- Jet hit in Syria, posed no threat to Turkey, president says
- Islamic State earns money selling oil to Turkey, Putin says
President Vladimir Putin accused Turkey of being an accomplice of terrorism for shooting down a Russian warplane in Syria and warned of “very serious consequences” for their relations.
“We understand that everyone has their own interests but we won’t allow such crimes to take place,” Putin said at talks Tuesday with Jordanian King Abdullah II in Sochi. “We received a stab in the back from accomplices of terrorism.”
Russia’s warplane was one kilometer (0.6 miles) from the border with Turkey when it was “shot down over Syrian territory” by Turkish F-16 jets firing air-to-air missiles, Putin said. It’s “obvious” that the Russian “pilots and our aircraft in no way threatened the Republic of Turkey” as they carried out an operation against Islamic State, he said.
Putin spoke after Turkey said its military shot down a Russian warplane that violated its airspace near the border with northwestern Syria, roiling global markets and marking the first direct clash between foreign powers embroiled in the civil war. Russia’s Defense Ministry denied the plane had crossed the border. Russia began its bombing campaign in Syria Sept. 30 against Islamic State and other groups battling President Bashar al-Assad’s regime.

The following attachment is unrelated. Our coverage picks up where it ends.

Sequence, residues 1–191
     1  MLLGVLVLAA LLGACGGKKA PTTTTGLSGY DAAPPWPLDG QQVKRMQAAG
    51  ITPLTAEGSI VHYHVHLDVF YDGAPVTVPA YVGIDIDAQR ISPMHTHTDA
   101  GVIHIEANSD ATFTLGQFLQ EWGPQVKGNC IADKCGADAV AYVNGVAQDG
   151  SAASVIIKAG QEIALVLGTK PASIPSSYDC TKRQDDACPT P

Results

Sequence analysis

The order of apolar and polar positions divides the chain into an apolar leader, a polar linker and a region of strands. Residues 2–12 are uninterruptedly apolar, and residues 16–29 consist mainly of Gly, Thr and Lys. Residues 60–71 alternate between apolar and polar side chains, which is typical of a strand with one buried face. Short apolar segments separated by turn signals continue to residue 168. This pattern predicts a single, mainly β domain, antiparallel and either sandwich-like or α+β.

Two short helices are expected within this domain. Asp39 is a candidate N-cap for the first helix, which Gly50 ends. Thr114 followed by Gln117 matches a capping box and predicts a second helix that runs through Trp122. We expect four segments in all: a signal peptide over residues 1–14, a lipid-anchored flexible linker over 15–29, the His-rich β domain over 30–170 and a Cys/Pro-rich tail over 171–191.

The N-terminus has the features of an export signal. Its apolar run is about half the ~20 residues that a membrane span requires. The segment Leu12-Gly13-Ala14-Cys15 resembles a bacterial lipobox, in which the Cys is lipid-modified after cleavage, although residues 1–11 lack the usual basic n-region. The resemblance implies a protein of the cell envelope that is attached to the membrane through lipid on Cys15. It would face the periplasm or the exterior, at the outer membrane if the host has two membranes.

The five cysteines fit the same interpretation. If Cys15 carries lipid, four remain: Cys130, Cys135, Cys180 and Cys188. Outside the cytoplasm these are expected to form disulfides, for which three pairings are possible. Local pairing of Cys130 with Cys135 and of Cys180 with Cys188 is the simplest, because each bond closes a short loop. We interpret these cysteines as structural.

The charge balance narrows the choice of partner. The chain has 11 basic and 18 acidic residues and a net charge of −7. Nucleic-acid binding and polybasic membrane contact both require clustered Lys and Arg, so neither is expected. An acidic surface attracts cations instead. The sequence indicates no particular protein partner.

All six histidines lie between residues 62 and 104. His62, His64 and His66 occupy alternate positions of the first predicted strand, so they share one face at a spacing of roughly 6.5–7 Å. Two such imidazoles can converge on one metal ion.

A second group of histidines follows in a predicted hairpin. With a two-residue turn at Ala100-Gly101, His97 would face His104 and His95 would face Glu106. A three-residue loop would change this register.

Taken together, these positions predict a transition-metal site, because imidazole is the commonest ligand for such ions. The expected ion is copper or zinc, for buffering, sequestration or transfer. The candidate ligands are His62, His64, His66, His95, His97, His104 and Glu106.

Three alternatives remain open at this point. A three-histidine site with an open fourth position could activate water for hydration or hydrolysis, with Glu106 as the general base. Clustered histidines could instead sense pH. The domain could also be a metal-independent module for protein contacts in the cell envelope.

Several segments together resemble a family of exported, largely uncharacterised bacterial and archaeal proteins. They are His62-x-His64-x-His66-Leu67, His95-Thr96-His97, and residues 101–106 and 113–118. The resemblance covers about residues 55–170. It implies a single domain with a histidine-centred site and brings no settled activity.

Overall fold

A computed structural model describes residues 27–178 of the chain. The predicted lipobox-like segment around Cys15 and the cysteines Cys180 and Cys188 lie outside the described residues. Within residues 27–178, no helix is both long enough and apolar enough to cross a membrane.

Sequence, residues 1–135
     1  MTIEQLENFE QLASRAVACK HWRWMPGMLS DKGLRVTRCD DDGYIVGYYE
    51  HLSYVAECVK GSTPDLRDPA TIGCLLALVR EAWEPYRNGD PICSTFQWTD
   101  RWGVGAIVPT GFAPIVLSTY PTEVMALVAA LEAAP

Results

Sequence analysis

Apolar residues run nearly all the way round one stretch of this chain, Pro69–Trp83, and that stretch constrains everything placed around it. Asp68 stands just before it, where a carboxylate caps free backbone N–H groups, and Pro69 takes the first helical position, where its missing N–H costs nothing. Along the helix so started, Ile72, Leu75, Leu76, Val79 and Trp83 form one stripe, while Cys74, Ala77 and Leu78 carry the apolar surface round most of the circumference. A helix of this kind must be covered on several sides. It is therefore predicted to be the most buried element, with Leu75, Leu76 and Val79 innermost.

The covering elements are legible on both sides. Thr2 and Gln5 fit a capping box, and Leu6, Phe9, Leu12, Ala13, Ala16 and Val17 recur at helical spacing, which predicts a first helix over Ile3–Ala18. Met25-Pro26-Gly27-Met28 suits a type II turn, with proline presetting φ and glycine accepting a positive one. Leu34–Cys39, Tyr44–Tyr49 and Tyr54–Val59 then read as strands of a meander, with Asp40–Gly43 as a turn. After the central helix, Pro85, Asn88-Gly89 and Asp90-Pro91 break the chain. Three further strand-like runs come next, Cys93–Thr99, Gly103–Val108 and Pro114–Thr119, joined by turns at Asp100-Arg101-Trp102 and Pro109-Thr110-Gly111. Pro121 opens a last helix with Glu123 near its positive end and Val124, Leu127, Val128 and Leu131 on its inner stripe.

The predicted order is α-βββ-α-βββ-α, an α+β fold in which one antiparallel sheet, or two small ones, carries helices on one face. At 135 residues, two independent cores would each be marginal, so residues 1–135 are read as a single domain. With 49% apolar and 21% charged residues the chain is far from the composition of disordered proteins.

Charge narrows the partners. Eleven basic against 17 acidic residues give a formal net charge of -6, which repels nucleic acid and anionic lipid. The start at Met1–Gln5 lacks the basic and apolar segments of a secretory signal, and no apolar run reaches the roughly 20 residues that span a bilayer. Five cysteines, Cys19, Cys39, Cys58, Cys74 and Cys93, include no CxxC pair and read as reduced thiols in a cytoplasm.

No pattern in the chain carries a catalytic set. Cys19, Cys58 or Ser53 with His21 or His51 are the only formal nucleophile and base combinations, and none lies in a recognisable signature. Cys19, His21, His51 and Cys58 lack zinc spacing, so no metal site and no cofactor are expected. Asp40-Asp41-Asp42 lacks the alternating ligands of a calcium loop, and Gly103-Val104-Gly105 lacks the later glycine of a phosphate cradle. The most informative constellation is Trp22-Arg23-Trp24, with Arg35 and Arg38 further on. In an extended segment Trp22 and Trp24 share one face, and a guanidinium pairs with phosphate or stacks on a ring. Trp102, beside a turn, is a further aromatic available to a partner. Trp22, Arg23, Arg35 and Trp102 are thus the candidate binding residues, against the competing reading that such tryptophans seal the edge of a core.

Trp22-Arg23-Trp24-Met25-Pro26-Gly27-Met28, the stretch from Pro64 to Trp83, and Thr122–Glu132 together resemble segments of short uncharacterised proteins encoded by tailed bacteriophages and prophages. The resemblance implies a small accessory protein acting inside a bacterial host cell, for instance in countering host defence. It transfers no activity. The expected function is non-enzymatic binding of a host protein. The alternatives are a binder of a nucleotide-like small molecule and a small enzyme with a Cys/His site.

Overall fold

Turkey’s action is the first time in decades that a North Atlantic Treaty Organization member has downed a Russian military aircraft. Ambassadors of the 28 NATO member states are meeting at 5 p.m. Tuesday in Brussels at Turkey’s request to discuss the incident, the military alliance said in a statement.
Russia always viewed Turkey as a friendly state, though “instead of immediately making the necessary contact with us, the Turkish side turned to their partners in NATO for talks on this incident,” Putin said. “It’s as if we shot down the Turkish plane and not they ours. Do they want to put NATO at the service of Islamic State?”
The downed jet had been conducting “preventative strikes against terrorists,” including those from Russia who “could at any time return” to the country, Putin said.
Putin also accused Turkey of helping to fund Islamic State. Russia has long established that large quantities of oil are entering Turkey from Islamic State-controlled areas, providing a huge flow of money to terrorists, he said.
“And now we’re being stabbed in the back, our planes that are fighting terrorists are being hit,” he said. This has happened even though an agreement is in place with the U.S.-led coalition, which includes Turkey, to prevent incidences during air operations in Syria, Putin said.